Meldonium, the newly banned substance former world tennis number one Maria Sharapova has admitted to taking for 10 years, is reportedly only meant to be used for 'four to six weeks' at a time.
According to a statement emailed to the Associated Press the manufacturers of the drug said it is usually only administered for a short time but prescriptions can be repeated two or three times a year under medical advisement.
It is unclear whether Sharapova took the drug consistently for long periods over the last decade or whether the use of the substance was intermittent.
Depending on the patient's health condition, treatment course of meldonium preparations may vary from four to six weeks.
Treatment course can be repeated twice or thrice a year. Only physicians can follow and evaluate patient's health condition and state whether the patient should use meldonium for a longer period of time.
Evian has announced that is 'closely' following developments in the investigation into tennis star Maria Sharapova after she announced yesterday that she had failed a drugs test.
It comes as Sharapova lost her sponsorship deals with Nike, Tag Heuer and Porsche following the revelations.
The parent company of the water brand, Danone, said it was "surprised" after the star admitted taking what is now a banned medication but did not comment directly on the status of her current sponsorship deal.
Evian has been a partner of Maria Sharapova for many years, and until now, we have maintained a trustworthy professional relationship.
Evian attaches great importance to health, to integrity, and transparency, and we will follow closely the development of the investigation.
Caroline Wozniacki has said that athletes should make sure they "double, triple and quadruple check" their medications following revelations tennis star Maria Sharapova has failed a drugs test.
Speaking at a press conference in New York the Danish tennis star said athletes should be careful to check their medications for banned substances "because sometimes even things like cough drops and nasal sprays can be on the list".
Any time we take any medication I think we double and triple and quadruple check because sometimes even things like cough drops and nasal sprays can be on the list.
So I think as athletes we always make sure to really make sure there is nothing in it that could put us in a bad situation.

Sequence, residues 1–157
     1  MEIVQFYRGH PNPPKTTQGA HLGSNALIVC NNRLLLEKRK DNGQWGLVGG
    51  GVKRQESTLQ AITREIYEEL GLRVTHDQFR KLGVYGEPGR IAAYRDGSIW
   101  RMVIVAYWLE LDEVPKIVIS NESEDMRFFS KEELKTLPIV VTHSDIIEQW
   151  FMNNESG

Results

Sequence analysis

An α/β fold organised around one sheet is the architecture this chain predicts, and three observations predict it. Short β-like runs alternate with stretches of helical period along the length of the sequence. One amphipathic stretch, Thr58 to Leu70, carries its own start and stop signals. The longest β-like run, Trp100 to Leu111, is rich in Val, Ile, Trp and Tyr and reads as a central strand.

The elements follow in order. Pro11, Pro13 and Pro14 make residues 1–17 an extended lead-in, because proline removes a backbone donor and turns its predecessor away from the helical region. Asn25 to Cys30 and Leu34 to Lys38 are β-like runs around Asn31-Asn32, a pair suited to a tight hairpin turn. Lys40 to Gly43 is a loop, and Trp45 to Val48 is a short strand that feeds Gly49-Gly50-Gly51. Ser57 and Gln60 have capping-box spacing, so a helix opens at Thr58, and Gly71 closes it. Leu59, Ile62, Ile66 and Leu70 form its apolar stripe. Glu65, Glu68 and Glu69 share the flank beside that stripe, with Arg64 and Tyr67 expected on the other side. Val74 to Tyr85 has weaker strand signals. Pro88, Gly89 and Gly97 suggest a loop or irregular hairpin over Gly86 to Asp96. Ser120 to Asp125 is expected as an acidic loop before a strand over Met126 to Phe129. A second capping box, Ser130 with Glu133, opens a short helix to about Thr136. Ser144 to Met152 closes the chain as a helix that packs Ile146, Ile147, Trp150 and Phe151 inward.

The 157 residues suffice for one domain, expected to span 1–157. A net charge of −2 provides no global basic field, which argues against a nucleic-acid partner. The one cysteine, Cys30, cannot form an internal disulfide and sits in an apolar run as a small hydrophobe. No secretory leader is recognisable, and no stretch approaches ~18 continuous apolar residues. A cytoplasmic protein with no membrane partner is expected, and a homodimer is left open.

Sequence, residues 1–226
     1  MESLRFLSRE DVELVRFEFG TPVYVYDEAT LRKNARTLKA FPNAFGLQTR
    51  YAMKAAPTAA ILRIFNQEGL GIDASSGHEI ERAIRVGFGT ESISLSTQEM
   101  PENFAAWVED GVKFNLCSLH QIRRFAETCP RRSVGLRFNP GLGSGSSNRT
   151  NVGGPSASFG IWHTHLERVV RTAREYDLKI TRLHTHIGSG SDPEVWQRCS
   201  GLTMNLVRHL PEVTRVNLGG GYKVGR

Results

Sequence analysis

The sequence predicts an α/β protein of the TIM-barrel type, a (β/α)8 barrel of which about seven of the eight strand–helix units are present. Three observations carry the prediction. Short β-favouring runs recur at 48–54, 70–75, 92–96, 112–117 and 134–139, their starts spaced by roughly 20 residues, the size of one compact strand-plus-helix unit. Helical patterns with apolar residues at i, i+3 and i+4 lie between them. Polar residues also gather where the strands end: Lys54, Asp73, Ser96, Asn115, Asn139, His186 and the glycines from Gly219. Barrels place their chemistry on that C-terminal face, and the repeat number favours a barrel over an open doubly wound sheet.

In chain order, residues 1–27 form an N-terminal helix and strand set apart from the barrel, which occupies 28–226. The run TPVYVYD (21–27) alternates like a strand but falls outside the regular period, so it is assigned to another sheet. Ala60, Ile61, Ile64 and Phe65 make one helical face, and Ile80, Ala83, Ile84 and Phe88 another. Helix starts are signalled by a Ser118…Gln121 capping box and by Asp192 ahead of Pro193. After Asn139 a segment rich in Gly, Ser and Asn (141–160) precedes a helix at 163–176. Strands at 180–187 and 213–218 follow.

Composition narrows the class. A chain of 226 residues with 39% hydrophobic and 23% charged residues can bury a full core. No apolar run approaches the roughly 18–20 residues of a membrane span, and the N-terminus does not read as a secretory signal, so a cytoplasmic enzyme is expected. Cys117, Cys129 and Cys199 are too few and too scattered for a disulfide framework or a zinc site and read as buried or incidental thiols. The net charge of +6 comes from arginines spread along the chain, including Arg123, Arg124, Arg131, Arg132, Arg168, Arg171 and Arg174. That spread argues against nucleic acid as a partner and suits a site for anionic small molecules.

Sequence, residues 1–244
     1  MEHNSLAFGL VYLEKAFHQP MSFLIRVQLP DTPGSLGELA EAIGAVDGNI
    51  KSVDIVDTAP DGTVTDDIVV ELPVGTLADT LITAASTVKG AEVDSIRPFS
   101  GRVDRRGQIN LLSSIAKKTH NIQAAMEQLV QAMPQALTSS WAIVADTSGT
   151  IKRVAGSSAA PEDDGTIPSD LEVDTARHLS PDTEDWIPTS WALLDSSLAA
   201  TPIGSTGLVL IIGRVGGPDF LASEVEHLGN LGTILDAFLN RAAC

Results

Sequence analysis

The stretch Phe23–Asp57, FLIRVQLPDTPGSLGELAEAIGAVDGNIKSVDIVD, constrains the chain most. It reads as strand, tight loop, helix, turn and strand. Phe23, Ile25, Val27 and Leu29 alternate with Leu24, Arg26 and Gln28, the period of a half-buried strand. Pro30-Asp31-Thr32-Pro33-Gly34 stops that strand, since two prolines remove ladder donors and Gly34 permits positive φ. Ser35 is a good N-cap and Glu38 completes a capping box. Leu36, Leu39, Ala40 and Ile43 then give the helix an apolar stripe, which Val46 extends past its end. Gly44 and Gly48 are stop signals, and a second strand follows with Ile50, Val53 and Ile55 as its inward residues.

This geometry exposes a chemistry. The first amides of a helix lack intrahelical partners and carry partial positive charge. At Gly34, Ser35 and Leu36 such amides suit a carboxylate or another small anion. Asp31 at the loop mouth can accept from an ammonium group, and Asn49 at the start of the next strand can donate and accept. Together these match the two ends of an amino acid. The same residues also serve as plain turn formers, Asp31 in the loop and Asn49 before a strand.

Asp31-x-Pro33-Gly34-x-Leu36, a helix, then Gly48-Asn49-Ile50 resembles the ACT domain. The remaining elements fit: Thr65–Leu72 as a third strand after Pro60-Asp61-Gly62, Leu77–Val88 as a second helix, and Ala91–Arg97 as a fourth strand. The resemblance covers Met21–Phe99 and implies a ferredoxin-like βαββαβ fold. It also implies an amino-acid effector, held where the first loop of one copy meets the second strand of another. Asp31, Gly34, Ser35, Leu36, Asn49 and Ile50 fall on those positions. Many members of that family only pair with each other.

Serena Williams said she was "surprised and shocked" like everyone else to hear that fellow tennis player Maria Sharapova had failed a drugs test but praised her honesty in coming forward.
The women's world No. 1 tennis player said: "I think like everyone else said most people were surprised and shocked by Maria.
"But at the same time I think most people were happy that she was upfront and very honest and showed a lot of courage to admit to what she had done and what she had neglected to look at."
A member of the Russia men's volleyball team has reportedly tested positive for the same banned substance as Maria Sharapova.
The R-Sport news agency said meldonium had been detected in a sample given by 25-year-old Alexander Markin.
Russia's sports minister had earlier predicted more cases would emerge involving the nation's athletes in the wake of Sharapova's failed test.
Porsche has become the latest sponsor to change its relationship with Maria Sharapova after she announced she had failed a drugs test at the Australian Open.
The sports car manufacturer said it had postponed all planned activities with the five-time Grand Slam champion until further details are released.
The International Tennis Federation (ITF) is due to issue a final decision on a recommended punishment for Sharapova, which will be reviewed by the World Anti-Doping Agency.
There will be more cases of Russian sports people testing positive for the banned substance meldonium after Maria Sharapova, the nation's sports minister has said.
"It's not my position to make public announcements, but there will be more cases," the R-Sport agency cited Mutko as saying.
Commenting on Sharapova's case, he said: "I think (she) will sort it out herself."
Russia's tennis chief Shamil Tarpishchev said he expects Sharapova to compete at this summer's Olympics in Rio and described her failed test as "a load of nonsense".
Mutko, though, said his ministry had warned the nation's athletes before about meldonium being outlawed by the World Anti-Doping Agency.
He said Russia needs three to four years to restore order to its sports anti-doping regime and promised to implement tough measures.
Swiss watch manufacturer Tag Heuer has said it will not renew its sponsorship deal with Maria Sharapova after she failed a drug test.
The tennis star admitted taking a banned substance and has been suspended from the sport while awaiting her punishment.
Tag Heuer's decision came after Nike suspended its relationship with the 28-year-old Russian.
According to Forbes, Sharapova's 2015 earnings of $29.5 million (£20.7 million) came mostly from endorsements.
Maria Sharapova admitted she failed to click on an email attachment informing her the drug she had taken for 10 years was now prohibited.Read the full story ›
Maria Sharapova's former coach Jeff Tarango has told ITV News he believes the blame for her failed drugs test lies with the people "she pays close to $1 million to hang out with her".
He said it is "believable" the five-time Grand Slam champion would have been unaware of last year's change of rules regarding the drug meldonium, which came into effect this year.